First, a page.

Billions of dollars in potential oil revenue that could help close the federal deficit is being lost as a result of President Obama’s anti-drilling agenda.
Production in the Gulf of Mexico – which normally accounts for about 30 percent of all U.S. production - is expected to drop this year by 220,000 barrels per day, according to projections from the U.S. Energy Information Administration.
With oil currently at $90 a barrel and the royalty rate at 18.75 percent, that equals $3.7 million in lost revenue each day.
If the agency projections hold over the course of the year, the federal government would lose more than $1.35 billion from Gulf royalty payments this year.
The number grows even larger when coupled with a lack of Gulf lease sales and fewer rental payments. Those three components -- royalties, leases and rent -- make up a sizeable amount of government revenue.
The looming shortfall is raising red flags on Capitol Hill. Sen. David Vitter, R-LA, an outspoken critic of the Obama administration’s drilling moratorium and the subsequent slowdown in permitting, first called attention to it in September.
“It’s not only about job loss along the Gulf Coast -- the federal government is losing revenue as a result of the administration’s misguided moratorium,” Vitter explained.
“I’ve been attacking the moratorium from multiple angles and will continue to do so until drilling can fully resume.”
Interior Secretary Ken Salazar canceled a Gulf lease sale last October. He postponed another in the central Gulf of Mexico, originally scheduled for March, until 2012.
One planned for October 2011 in the western Gulf also could be delayed until 2012. That would make 2011 the first year since 1965 that the federal government has failed to hold a lease sale in the Gulf.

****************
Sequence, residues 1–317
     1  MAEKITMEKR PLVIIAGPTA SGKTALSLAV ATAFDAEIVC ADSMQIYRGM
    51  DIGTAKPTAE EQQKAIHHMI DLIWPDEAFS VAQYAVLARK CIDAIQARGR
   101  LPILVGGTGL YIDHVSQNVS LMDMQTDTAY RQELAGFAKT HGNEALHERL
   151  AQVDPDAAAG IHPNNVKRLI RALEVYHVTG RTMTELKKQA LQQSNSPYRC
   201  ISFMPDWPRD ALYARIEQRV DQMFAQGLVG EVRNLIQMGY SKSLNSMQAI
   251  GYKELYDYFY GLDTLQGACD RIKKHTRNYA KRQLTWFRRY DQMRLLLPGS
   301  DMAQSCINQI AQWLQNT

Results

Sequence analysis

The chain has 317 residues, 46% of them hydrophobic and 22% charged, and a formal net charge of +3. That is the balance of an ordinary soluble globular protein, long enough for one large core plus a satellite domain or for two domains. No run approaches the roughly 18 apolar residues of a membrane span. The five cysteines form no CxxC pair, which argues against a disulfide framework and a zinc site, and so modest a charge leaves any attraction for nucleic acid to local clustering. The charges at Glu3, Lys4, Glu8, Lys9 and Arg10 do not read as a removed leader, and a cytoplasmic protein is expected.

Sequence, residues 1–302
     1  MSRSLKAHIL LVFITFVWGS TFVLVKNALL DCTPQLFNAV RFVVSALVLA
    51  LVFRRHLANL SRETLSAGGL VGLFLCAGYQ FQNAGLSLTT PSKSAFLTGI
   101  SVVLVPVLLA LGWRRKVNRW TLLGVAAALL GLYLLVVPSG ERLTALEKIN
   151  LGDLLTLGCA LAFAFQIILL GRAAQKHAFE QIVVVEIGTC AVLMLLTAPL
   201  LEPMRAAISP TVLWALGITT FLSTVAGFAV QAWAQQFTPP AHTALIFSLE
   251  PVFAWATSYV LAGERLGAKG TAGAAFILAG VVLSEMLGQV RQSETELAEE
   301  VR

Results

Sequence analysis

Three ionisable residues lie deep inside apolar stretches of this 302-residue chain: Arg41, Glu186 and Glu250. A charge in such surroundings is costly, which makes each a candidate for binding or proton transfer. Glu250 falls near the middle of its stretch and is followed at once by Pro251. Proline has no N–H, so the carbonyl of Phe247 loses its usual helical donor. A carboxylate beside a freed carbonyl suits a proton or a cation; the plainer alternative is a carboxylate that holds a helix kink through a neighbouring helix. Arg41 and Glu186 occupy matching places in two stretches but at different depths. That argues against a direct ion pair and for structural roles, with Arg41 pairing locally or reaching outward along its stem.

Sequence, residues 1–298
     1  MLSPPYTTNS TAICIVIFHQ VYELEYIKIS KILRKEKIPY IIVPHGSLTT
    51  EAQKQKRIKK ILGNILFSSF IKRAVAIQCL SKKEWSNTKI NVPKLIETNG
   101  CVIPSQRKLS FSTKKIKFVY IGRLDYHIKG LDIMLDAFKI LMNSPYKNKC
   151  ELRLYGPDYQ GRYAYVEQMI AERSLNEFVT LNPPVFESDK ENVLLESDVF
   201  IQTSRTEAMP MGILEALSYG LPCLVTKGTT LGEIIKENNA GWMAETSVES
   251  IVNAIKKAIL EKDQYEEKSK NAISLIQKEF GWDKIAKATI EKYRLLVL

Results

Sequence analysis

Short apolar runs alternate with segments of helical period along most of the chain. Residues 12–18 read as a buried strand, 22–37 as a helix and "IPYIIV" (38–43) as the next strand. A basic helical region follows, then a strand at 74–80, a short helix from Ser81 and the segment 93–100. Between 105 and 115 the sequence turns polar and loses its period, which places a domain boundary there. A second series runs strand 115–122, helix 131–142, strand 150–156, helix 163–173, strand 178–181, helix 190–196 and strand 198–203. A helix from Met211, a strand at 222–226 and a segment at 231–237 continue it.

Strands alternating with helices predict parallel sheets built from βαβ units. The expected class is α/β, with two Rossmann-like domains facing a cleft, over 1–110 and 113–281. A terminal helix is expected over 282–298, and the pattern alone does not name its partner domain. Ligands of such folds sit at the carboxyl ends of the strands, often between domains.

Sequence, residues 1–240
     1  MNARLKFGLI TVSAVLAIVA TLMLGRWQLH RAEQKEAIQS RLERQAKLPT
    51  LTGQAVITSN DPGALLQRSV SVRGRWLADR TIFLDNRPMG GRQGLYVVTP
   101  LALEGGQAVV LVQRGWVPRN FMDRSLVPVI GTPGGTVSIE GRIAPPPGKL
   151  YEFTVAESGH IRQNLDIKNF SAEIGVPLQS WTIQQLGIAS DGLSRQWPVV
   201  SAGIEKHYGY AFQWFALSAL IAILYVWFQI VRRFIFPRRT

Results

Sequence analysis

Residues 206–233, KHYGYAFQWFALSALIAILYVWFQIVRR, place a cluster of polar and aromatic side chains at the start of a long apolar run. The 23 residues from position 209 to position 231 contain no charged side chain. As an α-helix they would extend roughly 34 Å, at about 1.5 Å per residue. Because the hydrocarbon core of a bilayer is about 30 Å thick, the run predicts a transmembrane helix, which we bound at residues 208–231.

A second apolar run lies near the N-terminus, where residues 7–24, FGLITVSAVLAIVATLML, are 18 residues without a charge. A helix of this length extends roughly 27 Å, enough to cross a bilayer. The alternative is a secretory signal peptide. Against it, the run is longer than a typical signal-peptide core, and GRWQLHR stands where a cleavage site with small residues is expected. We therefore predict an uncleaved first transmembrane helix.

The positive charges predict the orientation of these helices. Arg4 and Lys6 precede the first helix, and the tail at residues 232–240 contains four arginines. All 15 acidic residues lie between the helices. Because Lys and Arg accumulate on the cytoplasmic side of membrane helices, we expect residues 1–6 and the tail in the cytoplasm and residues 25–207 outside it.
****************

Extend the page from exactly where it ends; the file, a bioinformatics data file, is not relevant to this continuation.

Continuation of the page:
Bonus bids from lease sales averaged about $1 billion in 2009 and 2010, according to data from the U.S. Bureau of Ocean Energy Management, Regulation and Enforcement (BOEMRE).
The lack of lease sales ultimately means the government will collect less in rent payments by lease holders. Offshore rents currently generate more than $200 million per year.
The Gulf revenue decline comes as Obama’s oil spill commission is recommending new fees for oil companies - a scenario that could be avoided if the government removed barriers to exploration and production.
“Over the years, offshore production royalties have provided billions of dollars to the U.S. government,” said National Ocean Industries Association President Randall Luthi, former director of the Minerals Management Service, which predated BOEMRE.
“Now, at a time when Congress is looking to maximize efficiency without raising taxes, there sits millions of dollars per day uncollected,” he said.
The Obama administration has dismissed the financial impact. The revenue loss would be “negligible,” Rebecca Blank, under secretary for economic affairs at the Department of Commerce, told a Senate committee in the fall.
“It is difficult to speculate now on the specific impact the moratorium would have over the five- or 10-year budget window, but one would expect the impact on the deficit to be negligible,” Blank wrote to the Senate Committee on Small Business and Entrepreneurship in September.
“Revenues may be higher or they may be lower depending on future years’ oil prices and the time profile of production,” Blank said.
Energy experts said the administration’s policies are certain to have long-term consequences for the industry.
“You continually need new discoveries and new production coming online to replace what’s being depleted,” said Andy Radford, senior policy adviser at the American Petroleum Institute.
“These wells taper off over time -- the ones that are producing now -- so without a continual flow of new discoveries and new production, the number will continue to decrease.”
A report from the economic forecasting firm IHS Global Insight estimated that federal, state and local taxes related to the Gulf, combined with royalty payments, totaled $19 billion in 2009.
Royalties, bonus and rent payments made up more than $6 billion of that number. That pot of money could go a long way toward deficit reduction. And that’s from the Gulf alone.
Significant additional revenues would be generated if the federal government opened access to exploration and production in areas currently closed to development such as the eastern Gulf of Mexico, portions of the Rocky Mountains, ANWR, and the Atlantic and Pacific coasts.
A recent study conducted by Wood Mackenzie for the American Petroleum Institute estimated that increased access to those areas would bring $150 billion into federal coffers by 2025.
Why leave so much money uncollected, especially in a time of rising deficits?
Rob Bluey is director of the Center for Media and Public Policy at The Heritage Foundation.